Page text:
23 June 2017

Dealing with Jihadist Returnees: A Tough Challenge

By Fabien Merz

With the military setbacks ISIS is now experiencing, the number of jihadist foreign fighters returning to Europe will rise. Like its neighbors, Switzerland must prepare to deal with these individuals. According to Fabien Merz, there is much the Swiss can learn from the experiences of Denmark and France, including 1) there is no panacea for dealing with foreign fighters, and 2) pursuing a ‘balanced’, anti-repression approach is the most sensible way to address this problem.

With the ongoing military setbacks the “Islamic State” (IS) suffered, the number of jihadist foreign fighters returning to Europe might further increase. Switzerland, too, must be prepared to deal with these individuals. Some clues may be gained from experiences made in France and Denmark, two states particularly affected by this phenomenon.

Since the start of the civil war in Syria and the resurgence of the conflict in Iraq, around 30,000 “foreign fighters” have joined jihadist militias fighting in these conflicts. Around 5,000 of them are from European countries. Many have joined IS, which has, amongst others, the stated goal of carrying out attacks in the West. This phenomenon is also of relevance to Switzerland (cf. CSS Analysis No. 199). As of May 2017, the Federal Intelligence Service (FIS) had registered 88 jihadist-inspired journeys. Of these, 74 were destined for Syria or Iraq.

IS has recently come under severe military pressure in Syria and Iraq. This has also led to a worsening of conditions for foreign jihadist fighters on the ground. Experts warn that further territorial losses by IS could lead to an increase of returnees. Thus, today more than ever, the question arises of how to deal with a potential increase of jihadist returnees and the concomitant security and societal challenges. The present analysis will only consider the post-return phase.

By now, nearly all European countries have passed legislation proscribing membership of or support for terrorist groups. At first glance, criminalizing jihadist returnees appears to be a reasonable and promising approach. However, it has often proven difficult to gather and present the kind of evidence of crimes committed in a conflict area that meets the standards of the respective criminal procedure codes. If it can be shown that a returnee has committed a criminal offence, it may be possible to contain the potential danger in the short- or in the mid-term by detaining the individuals on remand or imprisoning them. However, this might not necessarily remove the problem altogether. In fact, it can even aggravate the situation if already-radicalized individuals become more militant in prison and/or have to opportunity to radicalize other prisoners.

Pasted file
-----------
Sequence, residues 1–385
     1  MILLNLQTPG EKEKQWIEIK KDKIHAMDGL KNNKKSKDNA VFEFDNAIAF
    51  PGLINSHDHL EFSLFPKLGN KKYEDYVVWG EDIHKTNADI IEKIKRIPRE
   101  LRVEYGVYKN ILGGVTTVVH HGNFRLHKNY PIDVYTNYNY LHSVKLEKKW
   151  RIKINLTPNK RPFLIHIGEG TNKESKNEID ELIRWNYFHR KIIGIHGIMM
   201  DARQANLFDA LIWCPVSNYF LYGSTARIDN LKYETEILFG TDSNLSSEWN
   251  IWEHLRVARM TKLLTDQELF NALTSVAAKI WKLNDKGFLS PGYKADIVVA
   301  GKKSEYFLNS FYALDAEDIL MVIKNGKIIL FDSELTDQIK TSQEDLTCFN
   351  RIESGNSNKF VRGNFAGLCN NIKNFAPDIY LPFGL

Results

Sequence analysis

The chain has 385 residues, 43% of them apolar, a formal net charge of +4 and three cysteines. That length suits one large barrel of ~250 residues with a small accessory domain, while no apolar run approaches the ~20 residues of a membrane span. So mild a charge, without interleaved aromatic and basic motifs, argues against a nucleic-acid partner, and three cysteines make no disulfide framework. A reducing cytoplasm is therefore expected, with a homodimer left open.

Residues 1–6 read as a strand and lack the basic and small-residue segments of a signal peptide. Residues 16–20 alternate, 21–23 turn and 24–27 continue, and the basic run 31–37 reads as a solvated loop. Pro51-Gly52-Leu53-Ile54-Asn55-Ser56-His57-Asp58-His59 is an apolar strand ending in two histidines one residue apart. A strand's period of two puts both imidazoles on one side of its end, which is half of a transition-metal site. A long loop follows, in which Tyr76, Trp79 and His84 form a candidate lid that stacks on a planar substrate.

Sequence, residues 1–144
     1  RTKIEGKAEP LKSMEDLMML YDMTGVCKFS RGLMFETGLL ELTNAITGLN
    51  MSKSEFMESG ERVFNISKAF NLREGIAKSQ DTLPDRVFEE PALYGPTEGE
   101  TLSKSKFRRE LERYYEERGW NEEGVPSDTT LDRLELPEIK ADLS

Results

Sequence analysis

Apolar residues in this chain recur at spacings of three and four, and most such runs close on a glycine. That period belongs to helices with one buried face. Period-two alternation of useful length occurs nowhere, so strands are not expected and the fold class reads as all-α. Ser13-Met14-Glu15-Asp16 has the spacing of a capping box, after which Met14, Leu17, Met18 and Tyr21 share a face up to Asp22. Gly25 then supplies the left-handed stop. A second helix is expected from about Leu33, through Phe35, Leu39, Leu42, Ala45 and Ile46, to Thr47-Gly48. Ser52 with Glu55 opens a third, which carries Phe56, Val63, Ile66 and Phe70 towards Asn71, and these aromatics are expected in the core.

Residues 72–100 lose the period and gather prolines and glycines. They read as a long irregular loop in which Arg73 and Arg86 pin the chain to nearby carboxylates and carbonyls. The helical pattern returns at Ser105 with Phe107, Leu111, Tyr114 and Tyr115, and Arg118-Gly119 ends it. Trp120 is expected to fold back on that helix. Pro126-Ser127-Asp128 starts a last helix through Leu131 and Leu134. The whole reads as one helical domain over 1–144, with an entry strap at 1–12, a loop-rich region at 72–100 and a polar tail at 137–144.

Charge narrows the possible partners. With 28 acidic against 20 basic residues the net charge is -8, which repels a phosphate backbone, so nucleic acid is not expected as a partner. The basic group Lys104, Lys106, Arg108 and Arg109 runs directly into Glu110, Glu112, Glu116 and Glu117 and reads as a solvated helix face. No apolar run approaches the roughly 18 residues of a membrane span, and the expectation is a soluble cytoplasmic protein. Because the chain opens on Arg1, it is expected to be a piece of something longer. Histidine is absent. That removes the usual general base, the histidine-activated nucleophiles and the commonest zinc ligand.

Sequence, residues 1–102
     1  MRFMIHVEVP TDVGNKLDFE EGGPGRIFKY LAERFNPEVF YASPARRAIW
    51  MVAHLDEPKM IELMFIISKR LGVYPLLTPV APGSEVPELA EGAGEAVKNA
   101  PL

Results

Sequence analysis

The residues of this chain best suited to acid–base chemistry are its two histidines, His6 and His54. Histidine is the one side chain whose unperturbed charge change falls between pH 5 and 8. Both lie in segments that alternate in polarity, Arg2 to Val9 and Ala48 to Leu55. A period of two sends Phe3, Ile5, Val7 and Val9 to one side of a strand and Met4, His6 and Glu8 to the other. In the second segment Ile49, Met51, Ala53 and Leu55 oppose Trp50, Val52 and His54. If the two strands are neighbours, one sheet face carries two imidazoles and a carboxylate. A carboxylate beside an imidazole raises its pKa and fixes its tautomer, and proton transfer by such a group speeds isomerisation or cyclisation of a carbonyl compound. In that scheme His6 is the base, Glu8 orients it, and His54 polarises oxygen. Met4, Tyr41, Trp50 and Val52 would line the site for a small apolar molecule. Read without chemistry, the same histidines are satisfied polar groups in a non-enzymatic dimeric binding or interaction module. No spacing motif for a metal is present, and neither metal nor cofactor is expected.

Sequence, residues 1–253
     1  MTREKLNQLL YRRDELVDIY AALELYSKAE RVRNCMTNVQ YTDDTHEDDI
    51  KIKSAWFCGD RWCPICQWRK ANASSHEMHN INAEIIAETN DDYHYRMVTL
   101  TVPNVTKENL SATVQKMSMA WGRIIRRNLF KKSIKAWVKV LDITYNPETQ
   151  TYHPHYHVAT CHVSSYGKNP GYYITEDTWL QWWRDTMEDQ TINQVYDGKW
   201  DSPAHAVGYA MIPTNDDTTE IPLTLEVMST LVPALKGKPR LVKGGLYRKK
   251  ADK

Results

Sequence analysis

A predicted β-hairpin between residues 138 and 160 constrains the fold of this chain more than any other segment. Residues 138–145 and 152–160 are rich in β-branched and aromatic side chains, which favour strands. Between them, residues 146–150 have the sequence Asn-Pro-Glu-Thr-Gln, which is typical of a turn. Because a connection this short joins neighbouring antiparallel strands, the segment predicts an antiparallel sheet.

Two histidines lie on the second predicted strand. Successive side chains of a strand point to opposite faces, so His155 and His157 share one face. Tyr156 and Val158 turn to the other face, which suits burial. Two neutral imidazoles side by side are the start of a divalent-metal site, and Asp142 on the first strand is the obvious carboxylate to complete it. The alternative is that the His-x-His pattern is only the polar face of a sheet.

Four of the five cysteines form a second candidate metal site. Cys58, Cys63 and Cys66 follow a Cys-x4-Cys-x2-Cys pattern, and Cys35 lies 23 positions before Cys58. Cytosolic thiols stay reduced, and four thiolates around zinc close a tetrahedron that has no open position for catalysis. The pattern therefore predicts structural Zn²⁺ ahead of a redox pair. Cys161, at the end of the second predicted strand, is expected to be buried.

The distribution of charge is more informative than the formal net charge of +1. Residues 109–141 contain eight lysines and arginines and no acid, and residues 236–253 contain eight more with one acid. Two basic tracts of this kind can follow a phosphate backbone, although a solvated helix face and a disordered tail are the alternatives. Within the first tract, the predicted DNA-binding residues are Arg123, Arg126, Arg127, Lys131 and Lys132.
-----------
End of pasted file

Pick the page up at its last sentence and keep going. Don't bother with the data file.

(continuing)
Therefore, a sustainable approach to dealing with this phenomenon requires that the repressive measures be complemented by others aiming at de-indoctrinating radicalized individuals to reject the jihadist ideology and reintegrate them into society. Unfortunately, there are also issues in connection with these so called “soft” measures. Deradicalization measures are complex and there is no generally applicable approach. Many such measures are still in their infancy and thus have a rather mixed track record. Furthermore, these activities oftentimes fall outside of the security services’ sphere of activity, requiring the participation of actors from the social services, the health sectors as well as civil society. This degree of diversity of actors implicated may make coordination more difficult. Additionally, there is always a residual risk that a returnee with hostile intentions may deceive the authorities, or that a person who has completed such a program may relapse.

Thus, there does not seem to be a panacea when dealing with returning foreign fighters. Experiences gathered in France and Denmark, which have been dealing with large numbers of returnees since 2014, appear to confirm this. Both countries can supply valuable pointers for Switzerland, which has, at least so far, been less affected by the phenomenon.

France: Mainly Repression

Due to experiences with terrorism made in the late 1980s and 1990s, France has traditionally followed a model of counter-terrorism that primarily relies on repression. This is exemplified by the unusually broad powers of the security services by European standards, a tough legislation with regards to terrorism, and the system of specialized anti-terrorism magistrates who are in charge of investigating all cases related to terrorism.

With more than 900 jihadists who have left the country since 2012, France is, in absolute numbers, the most affected country Europe-wide. For a long time, measures that would complement the repressive dimension, either by preventing radicalization or by facilitating deradicalization and reintegration into society, were absent from French counter-terrorism efforts. It was only after the phenomenon had drastically increased in 2013 – 4 that such measures became part of the French response to terrorism. However, these respective capacities had to be built up from scratch.

The state’s handling of the approximately 250 jihadists who have returned so far further illustrates this tendency to rely on repression. If possible, they are charged, with most of them having been detained on remand immediately after their return. The majority of the other returnees are placed under the supervision of the court, which can impose a broad range of measures, including house arrest or the obligation to report to the authorities on a regular basis. If returnees are judged to be dangerous, but the evidence against them is not sufficient to warrant detention or court supervision, they may be placed under surveillance by the domestic intelligence service.